Sam Ricketts: New Shrewsbury Town manager says 'if it ain't broke, don't fix it'

Sam Ricketts is Shrewsbury Town's youngest manager in 40 years
Sam Ricketts has become Shrewsbury Town's youngest manager in 40 years

New Shrewsbury boss Sam Ricketts is to keep the backroom team he has inherited at the Shropshire club, saying 'if it ain't broke, don't fix it'.

He is happy to rely on Danny Coyne and Eric Ramsay, who won five of their six matches in caretaker charge after John Askey's sacking on 12 November.

"I know them. They know me. We get on really well," the 37-year-old former Wrexham boss told BBC Shropshire.

"The current staff we already have here are a big part of my plans."

He continued: "If something's not broken, you don't fix it. Danny Coyne and Eric Ramsay have done a great job and I will be looking to lean on them and use their experience."

On his first day in charge of the League One club, Ricketts revealed that his only addition to the backroom team is sports scientist John Pitts, who used to work with Brentford, in a new role as performance coach.

Ricketts will take charge of his first game at home to Walsall in the Checkatrade Trophy on Wednesday night, which pits him against his predecessor as Wrexham boss Dean Keates.

Shrewsbury recommended to new boss

Ricketts is the youngest Shrewsbury manager since Graham Turner began his first spell in charge of the club in October 1978 - and promptly led the Town to the old Division Three title in May 1979, pipping Graham Taylor's Watford.

Shrewsbury came close to emulating that under Paul Hurst last season, spending two thirds of the campaign in the top two, only to finish third and then lose in the play-off final.

Although a repeat this season seems unlikely with the team 10 points off a play-off place, Ricketts sees no reason why they cannot challenge again under his command.

"This club's been there once," he said. "To get two points per game and not get promoted is hugely unlucky. Why can't we get that points total again and go all the way next time?

"I'm not expecting the players here all to have the skill of top level Premier League players, although some will. But I expect full effort. I want the fans to see a side that works incredibly hard."

Paul Hurst took Shrewsbury Town to Wembley twice last season, in the EFL Trophy and again in the League One play-offs
Paul Hurst took Shrewsbury Town to Wembley twice last season, in the EFL Trophy and again in the League One play-offs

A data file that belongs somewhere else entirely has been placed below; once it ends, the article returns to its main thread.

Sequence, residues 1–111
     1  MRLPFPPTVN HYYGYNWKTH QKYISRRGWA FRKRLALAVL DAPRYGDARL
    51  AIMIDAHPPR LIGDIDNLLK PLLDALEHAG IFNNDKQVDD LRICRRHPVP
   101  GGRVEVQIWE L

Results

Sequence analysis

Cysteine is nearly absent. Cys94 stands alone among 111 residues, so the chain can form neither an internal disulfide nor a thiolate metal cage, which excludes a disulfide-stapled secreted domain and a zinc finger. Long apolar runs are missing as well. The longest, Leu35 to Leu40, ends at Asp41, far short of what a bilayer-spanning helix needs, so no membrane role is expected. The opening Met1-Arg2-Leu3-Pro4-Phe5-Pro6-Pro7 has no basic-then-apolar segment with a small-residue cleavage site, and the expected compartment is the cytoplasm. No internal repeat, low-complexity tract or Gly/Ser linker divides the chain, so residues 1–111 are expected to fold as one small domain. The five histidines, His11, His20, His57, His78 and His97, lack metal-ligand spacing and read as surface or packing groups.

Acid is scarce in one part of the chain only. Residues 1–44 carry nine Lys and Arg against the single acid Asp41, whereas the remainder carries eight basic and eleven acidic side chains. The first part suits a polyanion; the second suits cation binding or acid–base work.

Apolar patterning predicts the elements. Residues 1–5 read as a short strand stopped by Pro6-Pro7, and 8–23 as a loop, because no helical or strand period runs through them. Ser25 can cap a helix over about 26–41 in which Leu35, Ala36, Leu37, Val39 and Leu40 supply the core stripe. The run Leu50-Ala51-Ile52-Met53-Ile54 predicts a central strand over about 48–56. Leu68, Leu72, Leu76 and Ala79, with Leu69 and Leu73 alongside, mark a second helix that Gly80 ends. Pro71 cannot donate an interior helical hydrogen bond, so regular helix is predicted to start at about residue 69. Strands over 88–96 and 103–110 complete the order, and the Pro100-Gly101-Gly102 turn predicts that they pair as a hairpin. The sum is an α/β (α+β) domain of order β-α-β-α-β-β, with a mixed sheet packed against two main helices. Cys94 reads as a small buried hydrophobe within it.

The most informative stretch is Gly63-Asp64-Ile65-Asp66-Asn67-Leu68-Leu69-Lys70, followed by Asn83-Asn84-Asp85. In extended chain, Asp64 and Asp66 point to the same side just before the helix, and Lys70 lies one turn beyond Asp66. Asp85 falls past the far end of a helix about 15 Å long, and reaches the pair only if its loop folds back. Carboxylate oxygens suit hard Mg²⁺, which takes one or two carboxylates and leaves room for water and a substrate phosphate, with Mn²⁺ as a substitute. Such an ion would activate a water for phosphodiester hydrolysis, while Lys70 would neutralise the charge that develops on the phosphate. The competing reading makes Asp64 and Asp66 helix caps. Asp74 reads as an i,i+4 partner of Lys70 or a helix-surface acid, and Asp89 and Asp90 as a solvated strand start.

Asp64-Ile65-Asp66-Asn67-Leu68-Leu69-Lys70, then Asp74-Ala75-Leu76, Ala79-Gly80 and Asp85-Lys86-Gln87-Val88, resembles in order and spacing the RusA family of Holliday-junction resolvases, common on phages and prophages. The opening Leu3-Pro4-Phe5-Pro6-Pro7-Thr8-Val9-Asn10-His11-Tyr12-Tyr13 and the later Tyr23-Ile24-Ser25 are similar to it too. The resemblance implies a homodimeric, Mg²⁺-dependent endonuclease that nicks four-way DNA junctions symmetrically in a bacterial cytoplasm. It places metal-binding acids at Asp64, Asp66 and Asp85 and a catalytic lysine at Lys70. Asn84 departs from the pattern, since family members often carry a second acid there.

Ricketts said former Shrewsbury midfielder Dave Edwards, who is in the final season of his current contract at Reading and yet to play this season because of injury, was a key factor in him choosing to come to the Meadow.

"I speak to Dave an awful lot, at length," he explained. "We were team-mates for many years with Wolves and Wales. He is a good friend.

"It was through him that I have looked at Shrewsbury over the last four or five years and thought what a really good club it is. Well run, good facilities. A good platform for any manager to come in. I'm hugely fortunate and privileged to be here."

A wealth of experience

In an 18-year playing career, with nine different clubs, Ricketts played under 25 different 'gaffers'.

"I went through all five levels in six years, from the Conference all the way to the Premier League," he said.

"There's not a ground I've not been to. I've seen an awful lot at every level, and it gives me a broader aspect of what makes you successful.

"I probably made the most of my ability to get to the level I did. I wasn't a hugely gifted player who played at Premier League level all his career and can't translate to League One or the Conference. I've been there and played there."

While that list includes three different pairs of joint-caretaker managers, his CV is headed by Kenny Jackett, who signed him twice.

Ricketts was promoted under Jackett, with Swansea from League Two in 2004-05, and then again as skipper of League One champions Wolves in 2013-14.

He also won promotion to the Premier League with Hull City under Phil Brown in 2007-08, spending four seasons in the top flight, one with the Tigers and three at Bolton.

He was also in the Telford team that reached the FA Trophy semis in 2004 - and helped take Swindon Town to the League One play-off final in 2015,

Ricketts' 25 managers

  • Oxford United - Mal Shotton. Maurice Evans/Mickey Lewis, Denis Smith, Mike Ford, David Kemp, Mark Wright, Ian Atkins
  • Nuneaton Borough (loan) - Steve Burr
  • Telford United - Mick Jones
  • Swansea City/Wolves - Kenny Jackett
  • Hull City - Phil Parkinson, Phil Brown
  • Bolton Wanderers - Gary Megson, Chris Evans/Steve Wigley, Owen Coyle. Jimmy Phillips/Sammy Lee, Dougie Freedman
  • Swindon Town - Mark Cooper
  • Coventry City - Tony Mowbray, Mark Venus, Russell Slade. Mark Robins